Read this article to find out how we create data for custom areas and the quality assurance process all our data goes through to ensure it is accurate.
Data for custom areas
For indicators within Local Insight, data for custom areas is created in the following way;
For custom areas where an entire Lower Layer Super Output Area (LSOA) is within the boundary of the custom area, the data value for this whole area is included.
For custom areas where part of an LSOA is within the boundary of the custom area, the data is apportioned down to Output Area (OA) level. OAs are included into the custom area if more than 50% of the residential postcodes within that OA reside within the custom area.
This is done in different ways, depending upon what level the data is published to (eg OA or LSOA level):
1. When data is available to OA level: We use the actual OA counts in these cases. For example, this is the case for Census data.
2. Where data is available at below OA level: We aggregate the data to OA level for example for Police.uk and Land Registry data which are published to point (postcode or lat/longitude) level. Where data is a count, data can be summed from the sub-LA geography to get an OA value. Where data is a ratio, score, rate or average value we apply population weighted aggregation using a relevant weighting value e.g. average house prices would be weighted by the number of housing transactions.
3. When data is not available to OA level: As we do not know the exact data value for the OAs, we apportion the published data to OA level. Population data from the census is available down to OA level and we use this data to get a weighting for each OA, by calculating the population of the OA divided by the population of the LSOA (or whatever area-types for which the data is published). We then apply this weighting to approximate the data value for the OAs.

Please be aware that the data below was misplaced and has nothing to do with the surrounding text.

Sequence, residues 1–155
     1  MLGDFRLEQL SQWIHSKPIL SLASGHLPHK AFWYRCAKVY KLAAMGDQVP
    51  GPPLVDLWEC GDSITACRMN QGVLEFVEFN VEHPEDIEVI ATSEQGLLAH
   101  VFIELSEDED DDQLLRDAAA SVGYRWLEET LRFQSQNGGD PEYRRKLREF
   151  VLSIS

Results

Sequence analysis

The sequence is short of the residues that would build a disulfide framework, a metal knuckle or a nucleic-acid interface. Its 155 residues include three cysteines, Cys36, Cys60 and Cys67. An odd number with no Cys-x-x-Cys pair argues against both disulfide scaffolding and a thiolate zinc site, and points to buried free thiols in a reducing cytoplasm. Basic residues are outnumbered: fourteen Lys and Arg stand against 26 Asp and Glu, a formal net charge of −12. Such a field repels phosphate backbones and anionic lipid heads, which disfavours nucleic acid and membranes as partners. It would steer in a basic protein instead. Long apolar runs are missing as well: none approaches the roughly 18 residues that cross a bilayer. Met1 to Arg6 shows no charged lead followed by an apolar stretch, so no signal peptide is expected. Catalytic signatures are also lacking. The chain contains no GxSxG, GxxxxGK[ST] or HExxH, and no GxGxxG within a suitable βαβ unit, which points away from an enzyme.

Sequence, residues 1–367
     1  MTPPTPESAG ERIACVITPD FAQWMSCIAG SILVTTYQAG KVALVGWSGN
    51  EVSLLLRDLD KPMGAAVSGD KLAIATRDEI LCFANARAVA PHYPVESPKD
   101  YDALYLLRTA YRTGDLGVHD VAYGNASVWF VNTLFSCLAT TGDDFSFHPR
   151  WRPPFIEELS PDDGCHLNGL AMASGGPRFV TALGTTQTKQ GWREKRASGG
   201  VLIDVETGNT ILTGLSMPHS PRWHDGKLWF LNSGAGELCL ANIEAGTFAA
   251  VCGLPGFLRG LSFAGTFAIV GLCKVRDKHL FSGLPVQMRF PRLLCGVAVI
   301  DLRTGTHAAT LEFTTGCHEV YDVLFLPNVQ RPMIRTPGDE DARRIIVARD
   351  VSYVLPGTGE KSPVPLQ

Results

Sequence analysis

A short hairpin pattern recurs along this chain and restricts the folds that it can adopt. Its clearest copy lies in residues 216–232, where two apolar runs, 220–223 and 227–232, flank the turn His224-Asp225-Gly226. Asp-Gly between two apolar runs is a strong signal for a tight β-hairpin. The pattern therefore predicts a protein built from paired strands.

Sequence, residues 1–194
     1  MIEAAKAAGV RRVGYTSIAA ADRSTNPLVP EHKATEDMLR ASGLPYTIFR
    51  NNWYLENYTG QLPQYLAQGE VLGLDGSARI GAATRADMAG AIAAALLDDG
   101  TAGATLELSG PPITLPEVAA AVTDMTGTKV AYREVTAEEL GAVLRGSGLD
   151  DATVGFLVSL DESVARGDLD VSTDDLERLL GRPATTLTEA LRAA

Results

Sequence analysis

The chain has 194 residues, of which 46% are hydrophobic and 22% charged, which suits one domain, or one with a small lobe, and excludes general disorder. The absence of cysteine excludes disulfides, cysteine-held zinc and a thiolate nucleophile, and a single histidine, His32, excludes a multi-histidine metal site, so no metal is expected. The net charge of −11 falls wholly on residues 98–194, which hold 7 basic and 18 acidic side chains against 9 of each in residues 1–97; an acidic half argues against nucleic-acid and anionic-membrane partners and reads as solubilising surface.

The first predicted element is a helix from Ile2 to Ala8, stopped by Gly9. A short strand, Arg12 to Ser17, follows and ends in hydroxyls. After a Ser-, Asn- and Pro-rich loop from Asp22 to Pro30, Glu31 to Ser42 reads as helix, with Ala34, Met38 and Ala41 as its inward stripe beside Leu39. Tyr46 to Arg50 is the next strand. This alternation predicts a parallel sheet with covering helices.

Finally, the data for the custom area is created by summing up the data for the OAs and/ or LSOAs as per above.
Rate / percentage data is created by carrying out the above process separately for both the numerators and denominators, and using these to calculate the custom area rate / percentage.
This process is run through our internal databases using MySQL stored procedures to run the aggregation and apportioning process.
The Quality Assurance process
There are several Quality Assurance processes which are applied to ensure the aggregation/apportioning process is successful.
1) We apply stringent database checks to ensure that only certain kinds of aggregation and apportion processes can be applied to certain types of data.
2) Where data is published at multiple geographic levels we run validation checks to ensure that our derived aggregations match up to published data.
3) In order to validate the store procedure code developed in MySQL we performed the same aggregation approaches across three different statistical packages (SQL, STATA, Python) on a large subset of our data to ensure they each produced the same results.
4) For sum aggregation, we run checks to ensure the component areas add up to the aggregated area
5) For apportioning we run the reverse check to ensure that the count data for the areas we have produced adds up to the parent area.
6) For apportioning of derived rate data (data where we have both the numerator and denominator) we run a check to ensure the derived rate produced is the same for the area we have apportioned to and the parent area we have created the data for.
7) Where data is copied from larger geographies to smaller geographies (for data which is ratio/score/life expectancy/rate data where the numerator or denominator is not published) we check that the data value is the same for the larger and smaller area.